As I left the cinema at the weekend, after watching 12 years a slave, filled with the usual emotional tightness that many black people feel when watching films, or seeing pictorial depictions, about the trans-Atlantic slave trade, a nagging question hit me. Why has this historical episode been captured by the United States? I mean no disrespect to those who came through slavery and find their heritage in the USA. However, the Caribbean slave history, and that of black liberation is vastly different. Yet, we have seen that story barely told. Part of that is a result of the film industry having gained a bigger foothold in Hollywood than in, say, Havana or Kingston or Port-au-Prince.
So, we get to look at slavery through the narrow eye of the passage that ended on the east coast of America. Not the story about the passage that ended on the shores of Barbados. Not the story of those who were transshipped to islands like Jamaica. Not the story of those who went to work in plantations in Brazil.
Many Caribbean people have some notion of our different history. Sugar plantations, rather than cotton. The abolition of slavery in the Caribbean was not after a civil war between ‘the North’ and ‘the South’. Our colonial masters at the time abolished it, some 30 years before Americans went at each other to try to settle the matter. While Americans produced their Ku Klux Klan, we did not have that marauding band, going around threatening black people and meting out justice. We can play guessing games about what might have happened had the American Colonists not decided to fight the British to gain their independence in the 18th century.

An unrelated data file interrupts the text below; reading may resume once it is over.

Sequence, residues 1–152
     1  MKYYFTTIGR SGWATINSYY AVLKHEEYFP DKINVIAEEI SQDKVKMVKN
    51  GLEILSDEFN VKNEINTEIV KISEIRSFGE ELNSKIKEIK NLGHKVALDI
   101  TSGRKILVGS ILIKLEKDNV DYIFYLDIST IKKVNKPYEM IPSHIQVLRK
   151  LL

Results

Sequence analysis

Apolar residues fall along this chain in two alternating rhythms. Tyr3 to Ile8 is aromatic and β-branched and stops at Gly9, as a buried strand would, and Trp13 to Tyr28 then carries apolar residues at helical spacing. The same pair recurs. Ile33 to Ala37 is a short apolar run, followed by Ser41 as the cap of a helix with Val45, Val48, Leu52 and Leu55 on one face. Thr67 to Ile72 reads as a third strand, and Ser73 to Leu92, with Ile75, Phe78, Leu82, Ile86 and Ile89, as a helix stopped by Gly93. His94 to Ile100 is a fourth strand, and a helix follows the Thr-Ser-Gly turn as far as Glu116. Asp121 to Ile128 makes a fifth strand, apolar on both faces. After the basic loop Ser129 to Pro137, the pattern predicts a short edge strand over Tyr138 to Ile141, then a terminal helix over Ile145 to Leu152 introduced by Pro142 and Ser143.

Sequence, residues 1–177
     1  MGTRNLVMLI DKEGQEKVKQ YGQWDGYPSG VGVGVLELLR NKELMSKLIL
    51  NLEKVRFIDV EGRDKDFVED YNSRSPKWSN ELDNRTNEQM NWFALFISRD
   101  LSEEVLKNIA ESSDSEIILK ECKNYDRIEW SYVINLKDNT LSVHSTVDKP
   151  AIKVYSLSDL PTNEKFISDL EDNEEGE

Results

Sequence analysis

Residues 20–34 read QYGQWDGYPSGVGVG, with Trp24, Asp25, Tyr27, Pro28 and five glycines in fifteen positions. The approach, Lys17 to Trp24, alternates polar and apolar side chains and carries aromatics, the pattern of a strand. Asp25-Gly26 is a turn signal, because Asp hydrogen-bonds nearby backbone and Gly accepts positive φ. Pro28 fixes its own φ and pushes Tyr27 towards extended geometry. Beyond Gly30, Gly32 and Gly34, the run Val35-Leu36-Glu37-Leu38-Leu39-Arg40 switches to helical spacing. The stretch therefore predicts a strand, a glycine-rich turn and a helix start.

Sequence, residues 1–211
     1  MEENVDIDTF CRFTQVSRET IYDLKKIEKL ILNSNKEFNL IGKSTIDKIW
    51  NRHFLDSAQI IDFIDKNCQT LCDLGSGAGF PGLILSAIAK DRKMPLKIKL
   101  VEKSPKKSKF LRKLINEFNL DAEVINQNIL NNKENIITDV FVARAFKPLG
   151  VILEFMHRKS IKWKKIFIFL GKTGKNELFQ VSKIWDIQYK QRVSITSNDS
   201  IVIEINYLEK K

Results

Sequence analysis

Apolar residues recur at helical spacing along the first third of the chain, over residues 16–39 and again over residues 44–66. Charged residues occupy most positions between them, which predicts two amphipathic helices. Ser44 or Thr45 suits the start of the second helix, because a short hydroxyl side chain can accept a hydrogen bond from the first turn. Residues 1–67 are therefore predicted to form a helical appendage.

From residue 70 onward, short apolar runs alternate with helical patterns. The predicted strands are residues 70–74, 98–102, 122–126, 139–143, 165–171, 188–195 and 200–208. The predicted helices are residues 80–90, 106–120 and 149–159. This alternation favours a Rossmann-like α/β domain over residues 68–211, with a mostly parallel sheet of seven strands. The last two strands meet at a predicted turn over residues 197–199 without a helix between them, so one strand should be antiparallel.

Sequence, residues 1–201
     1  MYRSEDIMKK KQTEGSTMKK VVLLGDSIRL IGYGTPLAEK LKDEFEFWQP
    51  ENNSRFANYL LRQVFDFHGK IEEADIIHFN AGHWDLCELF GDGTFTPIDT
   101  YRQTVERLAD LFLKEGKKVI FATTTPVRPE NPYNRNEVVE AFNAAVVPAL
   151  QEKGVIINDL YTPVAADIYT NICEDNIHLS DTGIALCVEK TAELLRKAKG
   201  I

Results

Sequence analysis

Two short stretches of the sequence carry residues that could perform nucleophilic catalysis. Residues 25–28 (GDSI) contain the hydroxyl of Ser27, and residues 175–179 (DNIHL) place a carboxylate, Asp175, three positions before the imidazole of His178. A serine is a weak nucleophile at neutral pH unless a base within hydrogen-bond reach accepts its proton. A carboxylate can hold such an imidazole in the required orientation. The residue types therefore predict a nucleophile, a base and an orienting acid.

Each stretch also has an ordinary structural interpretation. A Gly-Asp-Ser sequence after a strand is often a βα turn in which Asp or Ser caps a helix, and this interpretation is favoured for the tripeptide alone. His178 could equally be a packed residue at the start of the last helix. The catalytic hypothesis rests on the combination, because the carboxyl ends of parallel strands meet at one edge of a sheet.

The question was too ironic, given that the director of 12 years…, Steve McQueen, is the offspring of Caribbean parents. He wanted to tell the American story, not the Caribbean one? Why? More familiar? More evocative? He hailed his Caribbean roots, yet chose to look at an ‘alien’ experience. Well, not truly alien as he says the majority of his family is in the USA. He was born in England, and rightly remarks that slave history is not part of the regular historical discussion that covers life. There’s the Angles and Saxons: Roman invasion; the Norman Conquest; the Elizabethans and Tudors, THE Civil War; lots of other wars, and all the elements of British history in the context of European development that would swamp the slave trade part of British development.
So, those empty feelings I had when I left the cinema, are somewhat misplaced. It’s about something that I presume affected my ancestors, but it isn’t really. It’s discomfort by a lot of awkward association.
Hollywood hasn’t paid us much mind in the telling of the slavery story. What have we done to fill the gap?